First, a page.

Is inclusion of the occiput necessary in fusion for C1–2 instability in rheumatoid arthritis?

Is inclusion of the occiput necessary in fusion for C1–2 instability in rheumatoid arthritis?

J Neurosurg Spine 18:50–56, 2013

The atlantoaxial joint is the location most and earliest affected in patients with rheumatoid arthritis (RA). In longstanding disease, ligamentous and osseous destruction can progress and involve all cervical segments. If surgical intervention is necessary, some prefer, to be safe, undertaking fusion to the occiput, whereas others advocate 1-level fusion of C1–2. Sparing the occiput (Oc)–C1 segment would allow retention of a considerable amount of physiological range of motion and seems beneficial against subaxial overload. Previous clinical studies on this topic have provided only nonspecific data after short-term follow-up, rendering a segment-sparing approach questionable. The purpose of the present investigation was to assess long-term progression of inflammatory or degenerative destruction in the Oc–C1 segment after isolated C1–2 fusion for RA.

Methods. In a series of 113 consecutive patients with RA-related destruction restricted to the craniocervical junction, 14 individuals underwent Oc–C2 fusion and 99 underwent surgery exclusively at the C1–2 level. After a mean follow-up period of 9.4 years (range 4.9–14.7 years), 46 patients were available for clinical and radiographic examination, including CT imaging.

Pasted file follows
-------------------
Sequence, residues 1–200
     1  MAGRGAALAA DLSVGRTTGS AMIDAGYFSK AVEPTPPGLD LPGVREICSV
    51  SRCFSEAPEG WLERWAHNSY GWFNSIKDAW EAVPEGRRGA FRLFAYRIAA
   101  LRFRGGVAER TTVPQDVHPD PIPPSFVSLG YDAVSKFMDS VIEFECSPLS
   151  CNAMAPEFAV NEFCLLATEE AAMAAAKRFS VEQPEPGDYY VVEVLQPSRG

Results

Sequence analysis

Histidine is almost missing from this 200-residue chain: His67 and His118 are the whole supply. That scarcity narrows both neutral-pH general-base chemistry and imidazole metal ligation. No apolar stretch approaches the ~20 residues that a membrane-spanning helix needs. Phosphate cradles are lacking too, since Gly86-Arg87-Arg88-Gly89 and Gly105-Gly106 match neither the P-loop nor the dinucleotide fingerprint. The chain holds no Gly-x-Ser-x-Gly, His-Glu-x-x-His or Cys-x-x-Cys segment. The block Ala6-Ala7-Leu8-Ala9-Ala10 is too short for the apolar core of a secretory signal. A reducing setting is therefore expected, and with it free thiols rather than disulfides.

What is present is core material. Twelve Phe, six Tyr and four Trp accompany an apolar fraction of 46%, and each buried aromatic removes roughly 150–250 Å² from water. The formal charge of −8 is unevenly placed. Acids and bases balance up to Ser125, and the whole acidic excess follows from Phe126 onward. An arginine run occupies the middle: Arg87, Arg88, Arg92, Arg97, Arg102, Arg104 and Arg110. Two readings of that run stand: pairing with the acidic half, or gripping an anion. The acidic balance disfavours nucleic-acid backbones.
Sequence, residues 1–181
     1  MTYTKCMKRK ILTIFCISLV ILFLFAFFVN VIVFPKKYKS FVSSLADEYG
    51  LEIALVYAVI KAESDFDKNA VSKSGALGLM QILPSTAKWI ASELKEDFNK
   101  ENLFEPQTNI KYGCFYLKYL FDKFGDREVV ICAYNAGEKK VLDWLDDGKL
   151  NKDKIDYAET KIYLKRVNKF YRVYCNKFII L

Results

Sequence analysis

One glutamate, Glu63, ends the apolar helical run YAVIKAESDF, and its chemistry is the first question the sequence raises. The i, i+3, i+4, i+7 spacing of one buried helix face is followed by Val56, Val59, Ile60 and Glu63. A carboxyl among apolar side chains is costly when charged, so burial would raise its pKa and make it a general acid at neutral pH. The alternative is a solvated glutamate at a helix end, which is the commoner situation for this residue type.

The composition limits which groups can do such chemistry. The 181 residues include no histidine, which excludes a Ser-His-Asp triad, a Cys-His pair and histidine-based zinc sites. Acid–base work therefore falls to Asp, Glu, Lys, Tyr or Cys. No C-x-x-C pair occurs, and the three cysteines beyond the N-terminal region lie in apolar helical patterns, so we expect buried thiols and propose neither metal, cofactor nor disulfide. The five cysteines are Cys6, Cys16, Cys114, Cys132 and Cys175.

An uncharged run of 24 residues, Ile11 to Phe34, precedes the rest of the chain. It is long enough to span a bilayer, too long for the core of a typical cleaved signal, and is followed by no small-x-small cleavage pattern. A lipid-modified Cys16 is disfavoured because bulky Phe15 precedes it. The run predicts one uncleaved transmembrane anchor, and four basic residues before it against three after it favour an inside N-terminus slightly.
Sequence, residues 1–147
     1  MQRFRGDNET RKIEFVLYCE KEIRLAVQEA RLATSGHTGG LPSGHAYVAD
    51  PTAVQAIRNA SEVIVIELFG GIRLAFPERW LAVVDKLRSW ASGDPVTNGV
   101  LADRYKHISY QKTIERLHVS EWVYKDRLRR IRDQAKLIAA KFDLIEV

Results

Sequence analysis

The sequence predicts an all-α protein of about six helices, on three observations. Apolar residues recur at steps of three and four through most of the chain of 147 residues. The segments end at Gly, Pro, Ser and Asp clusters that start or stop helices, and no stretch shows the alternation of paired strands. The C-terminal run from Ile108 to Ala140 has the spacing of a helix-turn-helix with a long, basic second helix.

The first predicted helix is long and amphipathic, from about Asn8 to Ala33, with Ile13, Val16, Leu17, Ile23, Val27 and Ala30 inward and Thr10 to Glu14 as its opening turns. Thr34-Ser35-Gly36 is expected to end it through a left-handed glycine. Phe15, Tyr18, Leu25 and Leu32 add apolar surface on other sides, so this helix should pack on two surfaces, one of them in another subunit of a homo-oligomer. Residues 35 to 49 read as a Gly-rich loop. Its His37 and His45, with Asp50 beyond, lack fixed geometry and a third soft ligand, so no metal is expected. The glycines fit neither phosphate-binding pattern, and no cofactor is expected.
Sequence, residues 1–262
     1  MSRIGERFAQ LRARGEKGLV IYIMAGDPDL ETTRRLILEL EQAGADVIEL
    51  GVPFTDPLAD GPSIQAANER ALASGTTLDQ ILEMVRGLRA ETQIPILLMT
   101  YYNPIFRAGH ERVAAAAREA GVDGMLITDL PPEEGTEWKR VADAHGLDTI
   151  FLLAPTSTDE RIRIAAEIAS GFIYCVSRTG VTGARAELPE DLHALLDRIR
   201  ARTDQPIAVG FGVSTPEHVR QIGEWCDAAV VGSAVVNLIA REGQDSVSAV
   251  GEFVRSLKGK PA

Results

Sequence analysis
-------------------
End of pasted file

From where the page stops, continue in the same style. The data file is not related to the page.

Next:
Results. None of the 46 patients needed additional surgery to extend the fusion to the occiput. Despite marked deterioration in the subaxial cervical spine, in general there were little or no changes in the atlantooccipital region. All but one patient presented with bony fusion of the fixed C1–2 level at follow-up.

Conclusions. The results of this investigation suggest that if the Oc–C1 joint is free of osseous destructions on conventional radiographs and free of abnormalities on MRI scans at the time of surgery (for transarticular fixation and fusion of C1–2), there is a very low risk for relevant destruction in the following 5–14 years. Thus, no prophylactic oligosegmental approach, but rather a segment-sparing monosegmental approach, is preferred, even in patients with high inflammatory levels.

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